Where haven’t they taken me?
I bought a pair of Mizuno running shoes in preparation for the 2009 London Marathon. Meaning I must have bought these… Christmas ’08. New pair of shoes for the training and they’d be broken in perfectly for the race. And they were. But not too broken in. So I kept wearing them. Right through that summer and my lovely light weight running shoes began to wear down a little. I still ran in them, but whereas they’d been almost sacrosanct and reserved only for training, they slowly evolved into multi-use footwear. And then I went traveling at the end of the year. Not a short trip, but a year long trek around the world. And naturally, it was these shoes selected to take. They weren’t a complete lost cause yet, and I figured they could take me as far as they would, and then I would abandon them somewhere along the journey.
But I never abandoned them. We wandered all throughout India, although admittedly, for much of that, especially in the south, they hung dangling from my backpack, shoelaces tied together. But then I went north. And found myself in the foothills of the Himalayas. And a friend and I planned a trek. Nothing strenuous, just a few days in the mountains. No need to buy hiking boots or anything like that. Although I might have looked. And might have failed to find anything even approaching size 12.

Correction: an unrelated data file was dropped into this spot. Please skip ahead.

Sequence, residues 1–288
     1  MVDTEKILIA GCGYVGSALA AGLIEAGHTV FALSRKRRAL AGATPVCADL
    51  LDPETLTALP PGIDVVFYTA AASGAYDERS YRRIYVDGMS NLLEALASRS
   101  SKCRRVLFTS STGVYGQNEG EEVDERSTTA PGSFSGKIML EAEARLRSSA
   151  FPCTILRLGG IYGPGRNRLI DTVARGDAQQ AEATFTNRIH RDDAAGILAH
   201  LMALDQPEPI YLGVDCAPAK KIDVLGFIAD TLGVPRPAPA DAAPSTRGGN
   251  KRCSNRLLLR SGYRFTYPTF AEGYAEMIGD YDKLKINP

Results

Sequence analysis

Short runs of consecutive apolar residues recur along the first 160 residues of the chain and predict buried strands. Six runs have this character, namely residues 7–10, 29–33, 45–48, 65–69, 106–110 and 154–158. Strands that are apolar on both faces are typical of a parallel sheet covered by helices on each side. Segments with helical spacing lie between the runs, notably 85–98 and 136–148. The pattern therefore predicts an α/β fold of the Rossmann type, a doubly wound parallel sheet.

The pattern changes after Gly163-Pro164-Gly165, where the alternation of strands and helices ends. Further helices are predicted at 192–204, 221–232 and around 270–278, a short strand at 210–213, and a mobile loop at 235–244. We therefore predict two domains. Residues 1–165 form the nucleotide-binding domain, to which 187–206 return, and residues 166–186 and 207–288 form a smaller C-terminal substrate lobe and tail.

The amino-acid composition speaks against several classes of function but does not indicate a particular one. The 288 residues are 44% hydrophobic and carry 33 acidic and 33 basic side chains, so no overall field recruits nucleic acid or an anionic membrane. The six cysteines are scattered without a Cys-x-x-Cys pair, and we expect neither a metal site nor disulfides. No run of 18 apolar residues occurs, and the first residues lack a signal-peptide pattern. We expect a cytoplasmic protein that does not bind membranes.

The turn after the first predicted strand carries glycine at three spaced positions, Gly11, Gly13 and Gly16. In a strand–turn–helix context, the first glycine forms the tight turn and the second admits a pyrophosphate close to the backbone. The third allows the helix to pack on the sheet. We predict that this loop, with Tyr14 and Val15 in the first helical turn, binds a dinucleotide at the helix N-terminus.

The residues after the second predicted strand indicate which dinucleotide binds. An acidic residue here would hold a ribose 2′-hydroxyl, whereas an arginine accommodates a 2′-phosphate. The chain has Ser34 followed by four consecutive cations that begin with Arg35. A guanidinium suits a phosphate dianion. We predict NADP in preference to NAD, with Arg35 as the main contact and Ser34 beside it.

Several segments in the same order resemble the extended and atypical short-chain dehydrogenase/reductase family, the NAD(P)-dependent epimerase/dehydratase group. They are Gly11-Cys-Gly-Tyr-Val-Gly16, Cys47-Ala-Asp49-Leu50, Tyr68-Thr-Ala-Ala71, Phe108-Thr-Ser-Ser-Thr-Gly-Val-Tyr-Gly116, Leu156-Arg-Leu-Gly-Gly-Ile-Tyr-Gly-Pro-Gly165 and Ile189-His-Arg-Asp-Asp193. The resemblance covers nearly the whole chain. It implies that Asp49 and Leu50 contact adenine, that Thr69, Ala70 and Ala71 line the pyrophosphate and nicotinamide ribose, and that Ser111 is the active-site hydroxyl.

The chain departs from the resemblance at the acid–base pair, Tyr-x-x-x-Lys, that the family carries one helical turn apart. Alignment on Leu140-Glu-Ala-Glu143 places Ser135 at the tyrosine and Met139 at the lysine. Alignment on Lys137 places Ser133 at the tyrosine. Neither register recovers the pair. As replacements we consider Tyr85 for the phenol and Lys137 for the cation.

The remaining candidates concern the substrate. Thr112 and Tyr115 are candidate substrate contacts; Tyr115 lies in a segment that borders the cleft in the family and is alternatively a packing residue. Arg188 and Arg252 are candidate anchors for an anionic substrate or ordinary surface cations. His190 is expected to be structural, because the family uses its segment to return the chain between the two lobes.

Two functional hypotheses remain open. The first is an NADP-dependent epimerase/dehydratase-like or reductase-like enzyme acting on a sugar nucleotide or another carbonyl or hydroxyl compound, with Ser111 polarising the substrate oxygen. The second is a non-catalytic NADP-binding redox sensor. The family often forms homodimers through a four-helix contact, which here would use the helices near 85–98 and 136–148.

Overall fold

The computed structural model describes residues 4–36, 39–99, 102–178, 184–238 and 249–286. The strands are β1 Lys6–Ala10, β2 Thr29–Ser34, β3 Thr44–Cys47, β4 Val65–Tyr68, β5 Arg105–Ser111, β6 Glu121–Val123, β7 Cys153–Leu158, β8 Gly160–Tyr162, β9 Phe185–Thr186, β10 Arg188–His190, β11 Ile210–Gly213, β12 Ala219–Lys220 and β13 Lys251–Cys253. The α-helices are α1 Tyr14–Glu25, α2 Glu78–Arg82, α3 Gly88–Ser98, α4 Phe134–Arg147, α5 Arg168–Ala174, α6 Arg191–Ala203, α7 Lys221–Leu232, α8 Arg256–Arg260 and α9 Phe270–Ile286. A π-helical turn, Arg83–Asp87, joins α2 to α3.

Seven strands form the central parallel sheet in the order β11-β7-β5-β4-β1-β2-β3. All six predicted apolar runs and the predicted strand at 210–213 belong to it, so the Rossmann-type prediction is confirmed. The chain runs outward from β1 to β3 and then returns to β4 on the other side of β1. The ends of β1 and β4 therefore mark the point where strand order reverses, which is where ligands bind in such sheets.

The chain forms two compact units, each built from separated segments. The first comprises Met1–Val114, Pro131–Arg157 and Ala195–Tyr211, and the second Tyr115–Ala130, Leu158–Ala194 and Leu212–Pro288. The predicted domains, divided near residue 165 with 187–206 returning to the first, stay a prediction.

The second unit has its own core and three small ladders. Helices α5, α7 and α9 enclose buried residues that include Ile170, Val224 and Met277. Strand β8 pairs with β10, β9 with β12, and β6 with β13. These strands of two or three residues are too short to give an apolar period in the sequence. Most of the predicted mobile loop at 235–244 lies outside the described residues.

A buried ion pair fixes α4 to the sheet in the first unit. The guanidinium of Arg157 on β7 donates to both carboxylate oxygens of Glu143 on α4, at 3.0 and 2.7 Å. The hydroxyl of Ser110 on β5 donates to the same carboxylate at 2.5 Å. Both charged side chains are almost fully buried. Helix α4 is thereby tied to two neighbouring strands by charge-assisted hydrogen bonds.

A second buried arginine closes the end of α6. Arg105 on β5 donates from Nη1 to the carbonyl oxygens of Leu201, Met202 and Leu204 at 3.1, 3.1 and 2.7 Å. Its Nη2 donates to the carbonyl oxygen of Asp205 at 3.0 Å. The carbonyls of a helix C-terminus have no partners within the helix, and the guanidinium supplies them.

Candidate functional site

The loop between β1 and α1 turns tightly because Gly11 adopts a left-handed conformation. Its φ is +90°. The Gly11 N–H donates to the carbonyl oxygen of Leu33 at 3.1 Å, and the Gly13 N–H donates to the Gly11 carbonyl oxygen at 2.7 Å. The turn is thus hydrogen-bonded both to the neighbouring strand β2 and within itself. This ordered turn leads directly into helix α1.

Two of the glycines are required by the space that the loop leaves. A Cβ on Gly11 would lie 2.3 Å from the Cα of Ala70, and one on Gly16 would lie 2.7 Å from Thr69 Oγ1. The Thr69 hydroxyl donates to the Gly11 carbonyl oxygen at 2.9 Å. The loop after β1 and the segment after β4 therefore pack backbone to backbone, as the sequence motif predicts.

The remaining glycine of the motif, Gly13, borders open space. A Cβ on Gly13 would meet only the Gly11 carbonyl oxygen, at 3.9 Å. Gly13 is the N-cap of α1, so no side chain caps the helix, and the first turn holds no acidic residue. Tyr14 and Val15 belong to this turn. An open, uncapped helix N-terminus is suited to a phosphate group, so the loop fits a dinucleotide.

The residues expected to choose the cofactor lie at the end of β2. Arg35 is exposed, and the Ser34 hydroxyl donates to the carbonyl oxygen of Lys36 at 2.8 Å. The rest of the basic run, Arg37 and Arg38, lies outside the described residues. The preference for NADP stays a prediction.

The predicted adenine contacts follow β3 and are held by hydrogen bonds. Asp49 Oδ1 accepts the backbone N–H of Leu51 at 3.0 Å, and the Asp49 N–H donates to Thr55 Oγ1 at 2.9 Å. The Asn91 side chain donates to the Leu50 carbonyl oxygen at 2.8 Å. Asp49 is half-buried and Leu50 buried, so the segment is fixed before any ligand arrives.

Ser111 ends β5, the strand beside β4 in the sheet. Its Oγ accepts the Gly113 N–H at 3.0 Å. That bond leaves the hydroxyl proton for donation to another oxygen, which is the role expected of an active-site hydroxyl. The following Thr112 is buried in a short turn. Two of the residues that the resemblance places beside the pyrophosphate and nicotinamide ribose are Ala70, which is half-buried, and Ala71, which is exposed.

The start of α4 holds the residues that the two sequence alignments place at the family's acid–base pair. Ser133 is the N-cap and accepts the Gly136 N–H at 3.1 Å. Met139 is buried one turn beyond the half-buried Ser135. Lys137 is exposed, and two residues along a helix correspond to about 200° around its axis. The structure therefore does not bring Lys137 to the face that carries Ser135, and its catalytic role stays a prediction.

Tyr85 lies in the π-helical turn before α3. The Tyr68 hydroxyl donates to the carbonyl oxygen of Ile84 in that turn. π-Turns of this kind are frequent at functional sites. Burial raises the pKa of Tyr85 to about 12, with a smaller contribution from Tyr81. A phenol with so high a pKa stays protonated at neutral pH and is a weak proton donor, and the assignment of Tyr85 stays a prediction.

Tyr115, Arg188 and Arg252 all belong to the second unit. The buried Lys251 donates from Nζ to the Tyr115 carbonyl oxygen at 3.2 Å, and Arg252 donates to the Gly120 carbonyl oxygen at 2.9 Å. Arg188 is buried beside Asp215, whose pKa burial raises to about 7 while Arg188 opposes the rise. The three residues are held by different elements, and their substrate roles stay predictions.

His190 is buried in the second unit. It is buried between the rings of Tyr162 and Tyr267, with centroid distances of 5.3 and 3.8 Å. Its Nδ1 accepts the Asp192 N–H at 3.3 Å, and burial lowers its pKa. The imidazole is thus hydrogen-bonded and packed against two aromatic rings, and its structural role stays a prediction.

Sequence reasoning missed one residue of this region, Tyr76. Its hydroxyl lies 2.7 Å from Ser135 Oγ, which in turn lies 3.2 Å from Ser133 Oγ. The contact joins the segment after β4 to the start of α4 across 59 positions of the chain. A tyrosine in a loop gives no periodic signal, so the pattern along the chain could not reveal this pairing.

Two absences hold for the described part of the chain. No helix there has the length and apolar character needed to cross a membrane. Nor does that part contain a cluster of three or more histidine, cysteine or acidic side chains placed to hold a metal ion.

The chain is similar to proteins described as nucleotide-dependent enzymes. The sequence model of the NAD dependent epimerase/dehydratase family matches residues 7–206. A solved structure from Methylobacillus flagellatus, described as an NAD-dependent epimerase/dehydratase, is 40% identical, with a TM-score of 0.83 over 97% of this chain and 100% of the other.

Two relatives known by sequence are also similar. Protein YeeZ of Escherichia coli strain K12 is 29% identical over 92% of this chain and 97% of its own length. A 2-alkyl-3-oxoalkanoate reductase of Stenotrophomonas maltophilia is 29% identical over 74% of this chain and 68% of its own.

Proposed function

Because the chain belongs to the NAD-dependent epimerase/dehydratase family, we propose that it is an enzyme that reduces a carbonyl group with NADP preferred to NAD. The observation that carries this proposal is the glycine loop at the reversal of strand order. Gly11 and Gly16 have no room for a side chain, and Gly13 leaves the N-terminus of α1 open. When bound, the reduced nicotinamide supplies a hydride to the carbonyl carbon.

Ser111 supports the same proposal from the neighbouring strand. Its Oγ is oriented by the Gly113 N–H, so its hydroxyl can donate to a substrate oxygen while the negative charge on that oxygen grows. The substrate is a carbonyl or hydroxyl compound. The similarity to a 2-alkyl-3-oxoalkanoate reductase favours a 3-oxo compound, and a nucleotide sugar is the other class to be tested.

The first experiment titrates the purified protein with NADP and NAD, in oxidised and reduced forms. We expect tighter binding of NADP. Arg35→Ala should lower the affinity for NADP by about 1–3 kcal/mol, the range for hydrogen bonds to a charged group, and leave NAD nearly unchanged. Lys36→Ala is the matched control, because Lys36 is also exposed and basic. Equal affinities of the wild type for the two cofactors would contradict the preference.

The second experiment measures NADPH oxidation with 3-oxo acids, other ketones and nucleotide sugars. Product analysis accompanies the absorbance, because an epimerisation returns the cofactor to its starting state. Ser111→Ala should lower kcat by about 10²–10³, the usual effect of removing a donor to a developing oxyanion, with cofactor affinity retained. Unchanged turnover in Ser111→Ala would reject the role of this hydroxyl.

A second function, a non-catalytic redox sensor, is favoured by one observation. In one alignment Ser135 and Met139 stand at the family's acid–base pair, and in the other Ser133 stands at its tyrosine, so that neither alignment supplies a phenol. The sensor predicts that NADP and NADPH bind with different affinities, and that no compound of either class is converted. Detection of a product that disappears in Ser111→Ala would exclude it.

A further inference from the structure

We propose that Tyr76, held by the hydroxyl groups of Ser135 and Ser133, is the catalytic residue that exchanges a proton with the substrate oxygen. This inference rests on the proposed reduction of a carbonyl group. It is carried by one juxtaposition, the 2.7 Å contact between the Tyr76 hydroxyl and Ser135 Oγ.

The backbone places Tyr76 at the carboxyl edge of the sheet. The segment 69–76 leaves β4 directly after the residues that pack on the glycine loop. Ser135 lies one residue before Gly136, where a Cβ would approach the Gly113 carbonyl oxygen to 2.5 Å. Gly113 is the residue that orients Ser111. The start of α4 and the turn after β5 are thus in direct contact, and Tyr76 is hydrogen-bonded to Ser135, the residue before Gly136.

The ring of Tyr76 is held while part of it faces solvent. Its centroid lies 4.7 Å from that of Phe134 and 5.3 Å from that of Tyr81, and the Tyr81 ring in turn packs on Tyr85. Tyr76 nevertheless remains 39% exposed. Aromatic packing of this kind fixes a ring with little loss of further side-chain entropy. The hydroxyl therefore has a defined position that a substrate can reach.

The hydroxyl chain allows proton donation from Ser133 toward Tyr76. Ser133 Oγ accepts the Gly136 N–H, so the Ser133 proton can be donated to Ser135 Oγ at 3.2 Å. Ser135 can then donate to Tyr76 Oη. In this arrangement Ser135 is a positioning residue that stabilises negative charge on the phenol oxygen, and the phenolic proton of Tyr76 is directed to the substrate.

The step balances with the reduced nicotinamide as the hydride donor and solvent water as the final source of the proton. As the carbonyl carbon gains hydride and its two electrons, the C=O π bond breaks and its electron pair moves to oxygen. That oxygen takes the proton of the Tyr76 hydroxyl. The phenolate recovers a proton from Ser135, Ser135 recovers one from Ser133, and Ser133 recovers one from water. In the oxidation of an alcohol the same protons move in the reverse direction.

The trek though was rather more strenuous than anticipated. The trail in fact, was closed off as it was too early in the season and large portions of the track were still covered in snow and ice. ‘Officially’ closed I should say. A local was all too happy to go on in front of us and open a lodge for us to stay in. So my friend and I continued on. Me in my mesh-top running shoes, he in his Vans. Over snow and ice, sliding along three foot wide ledges over precipitous drops. And freezing!, as every plunge into deeper snow would leave my socks soaking wet. The last day ended with a mile-long trek across fields of foot deep snow.
Worth it? Every moment. But my shoes, my elite, purebred running shoes, forced to stand in as hiking boots on a trek in the Himalayas… I’m sure they complained every step of the way.
Our story didn’t end there though. We trekked down through Southeast Asia, across Indonesia, through ancient rice terraces in the Philippines, and down into an Australian winter. And then I washed up on the shores of America and met my sister and her boyfriend to take part in a triathlon.
And so my shoes, whose career began in preparation for a marathon, ended on the shores of a lake participating in my first triathlon. Or rather, the Hollywood version might have it so. I couldn’t part with them though.
I still have them, to be honest. We’ve lived together in Seattle, Hong Kong, and Reno. Strolled around the Alps, spent time in England, walked the streets of Beijing. And though I’m no longer much of a runner, we do occasionally pair up and go for a jog in the hills of the Sierra Nevadas. One day they’ll fall apart as I’m wearing them.
It will be a fitting end.